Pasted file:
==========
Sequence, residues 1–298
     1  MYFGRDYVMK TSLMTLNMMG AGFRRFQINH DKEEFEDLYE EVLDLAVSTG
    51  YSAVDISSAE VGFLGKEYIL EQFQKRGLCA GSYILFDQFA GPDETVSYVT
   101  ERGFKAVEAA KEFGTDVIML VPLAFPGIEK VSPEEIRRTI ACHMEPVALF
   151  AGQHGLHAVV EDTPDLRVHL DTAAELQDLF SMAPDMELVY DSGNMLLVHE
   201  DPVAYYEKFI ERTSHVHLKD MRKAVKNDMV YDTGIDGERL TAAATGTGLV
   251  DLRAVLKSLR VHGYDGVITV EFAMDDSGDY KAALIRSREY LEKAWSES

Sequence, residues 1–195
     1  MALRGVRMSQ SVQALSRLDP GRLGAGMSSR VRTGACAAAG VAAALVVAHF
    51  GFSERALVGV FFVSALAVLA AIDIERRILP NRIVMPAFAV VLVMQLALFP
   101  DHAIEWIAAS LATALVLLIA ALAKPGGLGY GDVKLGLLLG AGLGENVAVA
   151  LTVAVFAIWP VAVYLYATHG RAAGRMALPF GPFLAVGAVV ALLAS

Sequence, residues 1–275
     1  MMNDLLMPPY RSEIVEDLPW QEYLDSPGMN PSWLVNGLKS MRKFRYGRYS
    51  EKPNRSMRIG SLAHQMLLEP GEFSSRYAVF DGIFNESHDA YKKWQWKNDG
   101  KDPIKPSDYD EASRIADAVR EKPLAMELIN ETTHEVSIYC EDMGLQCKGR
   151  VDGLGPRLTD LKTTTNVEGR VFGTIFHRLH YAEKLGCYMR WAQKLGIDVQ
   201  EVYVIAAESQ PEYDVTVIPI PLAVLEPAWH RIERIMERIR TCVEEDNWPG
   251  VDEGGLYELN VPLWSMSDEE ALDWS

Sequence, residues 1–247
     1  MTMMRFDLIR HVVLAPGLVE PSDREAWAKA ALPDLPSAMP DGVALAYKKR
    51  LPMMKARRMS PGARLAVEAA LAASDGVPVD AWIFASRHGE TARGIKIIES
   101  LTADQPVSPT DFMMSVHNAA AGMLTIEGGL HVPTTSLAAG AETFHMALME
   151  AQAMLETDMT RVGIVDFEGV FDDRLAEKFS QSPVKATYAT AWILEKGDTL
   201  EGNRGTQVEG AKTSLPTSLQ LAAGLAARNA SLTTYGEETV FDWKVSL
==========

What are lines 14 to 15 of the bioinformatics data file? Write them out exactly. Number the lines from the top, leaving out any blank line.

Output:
     1  MMNDLLMPPY RSEIVEDLPW QEYLDSPGMN PSWLVNGLKS MRKFRYGRYS
    51  EKPNRSMRIG SLAHQMLLEP GEFSSRYAVF DGIFNESHDA YKKWQWKNDG